Indian State of Meghalaya Seeks Navy's Help in Search for Five Missing Miners

© AFP 2022 / ROBERTO SCHMIDT / FILESA miner slowly carries a heavy load of wet coal
A miner slowly carries a heavy load of wet coal - Sputnik International, 1920, 11.06.2021
The northeastern Indian state of Meghalaya is a treasure trove of around 560 million tonnes of coal deposits. Following numerous reports of illegal coal mining here, the National Green Tribunal (NGT) Act was amended in 2014 to impose a blanket ban on rat-hole coal mining across Meghalaya. Yet, illegal mining still happens in the region.

The Indian state of Meghalaya has sought the Indian Navy's help as five workers from an illegal coal mine have been missing for 12 days in the East Jaintia Hills district, a media report said on Friday.

These labourers went missing after a dynamite explosion flooded the mine they were illegally working in, the Indian news channel NDTV reported.

"We have written to the Ministry of Defence to provide us Navy divers for assisting in the rescue operation", the report quoted Meghalaya State Chief Conrad K. Sangma as saying.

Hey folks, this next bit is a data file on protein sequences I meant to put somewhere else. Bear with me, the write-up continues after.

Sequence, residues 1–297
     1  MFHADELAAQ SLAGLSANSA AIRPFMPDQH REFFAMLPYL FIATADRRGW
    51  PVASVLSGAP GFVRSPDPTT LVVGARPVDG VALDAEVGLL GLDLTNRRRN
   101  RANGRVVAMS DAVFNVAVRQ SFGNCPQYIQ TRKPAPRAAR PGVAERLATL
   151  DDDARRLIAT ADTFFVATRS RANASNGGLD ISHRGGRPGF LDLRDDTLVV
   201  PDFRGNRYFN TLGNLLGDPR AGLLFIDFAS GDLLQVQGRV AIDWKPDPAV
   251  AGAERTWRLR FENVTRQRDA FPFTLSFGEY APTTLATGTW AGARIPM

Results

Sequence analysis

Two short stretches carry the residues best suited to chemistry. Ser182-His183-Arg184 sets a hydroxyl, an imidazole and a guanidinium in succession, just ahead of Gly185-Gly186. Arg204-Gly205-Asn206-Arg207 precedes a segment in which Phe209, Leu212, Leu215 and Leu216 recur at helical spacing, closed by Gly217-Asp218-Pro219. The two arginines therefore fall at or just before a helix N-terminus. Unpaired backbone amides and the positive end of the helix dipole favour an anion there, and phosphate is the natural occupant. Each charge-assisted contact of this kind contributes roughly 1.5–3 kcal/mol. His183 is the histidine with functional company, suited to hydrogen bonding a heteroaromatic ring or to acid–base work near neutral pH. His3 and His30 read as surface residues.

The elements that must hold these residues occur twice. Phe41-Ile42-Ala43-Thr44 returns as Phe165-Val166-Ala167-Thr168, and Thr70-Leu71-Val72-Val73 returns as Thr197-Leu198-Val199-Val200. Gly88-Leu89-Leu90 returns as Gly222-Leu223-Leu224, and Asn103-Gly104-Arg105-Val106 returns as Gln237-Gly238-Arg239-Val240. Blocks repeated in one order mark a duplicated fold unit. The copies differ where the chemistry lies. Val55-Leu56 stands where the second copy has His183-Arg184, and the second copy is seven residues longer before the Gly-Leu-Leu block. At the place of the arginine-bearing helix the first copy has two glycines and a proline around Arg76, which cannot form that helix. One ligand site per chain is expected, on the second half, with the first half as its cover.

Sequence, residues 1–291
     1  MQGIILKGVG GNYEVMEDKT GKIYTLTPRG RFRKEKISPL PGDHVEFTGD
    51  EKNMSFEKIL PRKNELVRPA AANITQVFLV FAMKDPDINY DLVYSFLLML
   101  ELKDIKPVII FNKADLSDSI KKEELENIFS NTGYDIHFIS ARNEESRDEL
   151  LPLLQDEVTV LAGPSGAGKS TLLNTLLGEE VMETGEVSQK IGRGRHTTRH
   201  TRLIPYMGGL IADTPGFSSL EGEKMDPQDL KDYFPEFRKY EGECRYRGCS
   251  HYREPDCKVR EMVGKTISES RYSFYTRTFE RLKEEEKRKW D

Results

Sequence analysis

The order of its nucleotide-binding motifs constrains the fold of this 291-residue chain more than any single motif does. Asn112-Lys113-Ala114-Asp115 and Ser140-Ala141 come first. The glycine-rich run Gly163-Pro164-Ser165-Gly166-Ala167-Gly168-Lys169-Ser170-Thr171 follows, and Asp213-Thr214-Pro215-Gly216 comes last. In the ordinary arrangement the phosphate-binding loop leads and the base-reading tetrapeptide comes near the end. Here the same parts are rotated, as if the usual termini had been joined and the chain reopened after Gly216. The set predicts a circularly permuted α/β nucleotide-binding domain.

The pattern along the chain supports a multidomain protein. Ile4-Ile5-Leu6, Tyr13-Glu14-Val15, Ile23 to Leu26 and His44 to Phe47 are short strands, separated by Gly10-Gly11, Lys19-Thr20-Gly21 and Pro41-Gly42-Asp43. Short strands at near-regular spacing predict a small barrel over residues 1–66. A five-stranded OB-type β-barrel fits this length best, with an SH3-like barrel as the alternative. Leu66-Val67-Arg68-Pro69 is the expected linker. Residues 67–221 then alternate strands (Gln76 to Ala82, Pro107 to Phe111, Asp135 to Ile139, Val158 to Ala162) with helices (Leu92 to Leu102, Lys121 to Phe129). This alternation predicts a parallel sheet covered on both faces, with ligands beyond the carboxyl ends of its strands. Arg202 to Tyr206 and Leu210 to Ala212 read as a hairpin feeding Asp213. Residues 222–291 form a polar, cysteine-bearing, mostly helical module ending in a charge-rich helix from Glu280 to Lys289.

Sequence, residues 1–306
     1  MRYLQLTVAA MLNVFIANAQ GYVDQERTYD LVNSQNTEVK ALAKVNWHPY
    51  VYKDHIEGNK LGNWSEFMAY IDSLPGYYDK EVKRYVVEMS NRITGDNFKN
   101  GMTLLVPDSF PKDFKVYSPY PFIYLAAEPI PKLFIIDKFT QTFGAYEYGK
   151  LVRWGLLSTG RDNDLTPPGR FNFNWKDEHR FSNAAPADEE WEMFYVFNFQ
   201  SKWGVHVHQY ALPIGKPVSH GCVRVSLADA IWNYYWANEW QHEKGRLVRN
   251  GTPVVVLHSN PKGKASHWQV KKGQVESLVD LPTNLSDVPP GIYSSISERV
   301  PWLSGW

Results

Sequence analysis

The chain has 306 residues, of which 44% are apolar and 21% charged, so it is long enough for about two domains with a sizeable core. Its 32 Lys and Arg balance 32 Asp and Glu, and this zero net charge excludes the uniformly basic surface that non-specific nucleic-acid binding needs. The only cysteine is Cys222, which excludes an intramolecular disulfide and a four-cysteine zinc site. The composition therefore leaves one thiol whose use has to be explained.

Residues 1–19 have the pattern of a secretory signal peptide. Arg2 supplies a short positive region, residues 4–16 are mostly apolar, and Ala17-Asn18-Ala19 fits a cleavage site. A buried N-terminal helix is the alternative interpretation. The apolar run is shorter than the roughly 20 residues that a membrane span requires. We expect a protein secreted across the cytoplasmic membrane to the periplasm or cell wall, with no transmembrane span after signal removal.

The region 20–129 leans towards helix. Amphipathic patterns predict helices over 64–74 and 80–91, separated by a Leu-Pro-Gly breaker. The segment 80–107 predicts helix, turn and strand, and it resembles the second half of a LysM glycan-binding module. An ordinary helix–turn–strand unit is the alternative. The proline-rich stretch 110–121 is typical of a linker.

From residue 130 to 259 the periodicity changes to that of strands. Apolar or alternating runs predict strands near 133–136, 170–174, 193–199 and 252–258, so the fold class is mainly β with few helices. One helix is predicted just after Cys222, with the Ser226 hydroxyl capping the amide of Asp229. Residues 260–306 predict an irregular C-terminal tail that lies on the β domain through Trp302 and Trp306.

Over the last few days, several personnel from the National Disaster Response Force (NDRF), State Disaster Response Force (SDRF), as well as the Fire Services have been helping the district administration in carrying out search missions in the mine. So far, no breakthrough has been made in discovering the miners.

Videos and pictures of appearing to depict security officials carrying out the daredevil mission, struggling with incessant downpours have surfaced on social media. The officers can be seen in bright orange-coloured raincoats, boarding a container lifted by a crane and being lowered down into the mine.

​Shining Langstang, the owner of the illegal coal mine, was arrested on 4 June in the village of Satunga, located near the mine, local police officials recently told the media.

​This is the second mining incident to have happened this year in Meghalaya's East Jaintia Hills district – an area, infamous for illegal "rat-hole" coal mines.

Earlier in January, six labourers died in a coal mine in East Jainita Hills, reportedly falling into a 150-foot deep pit while digging a tunnel.


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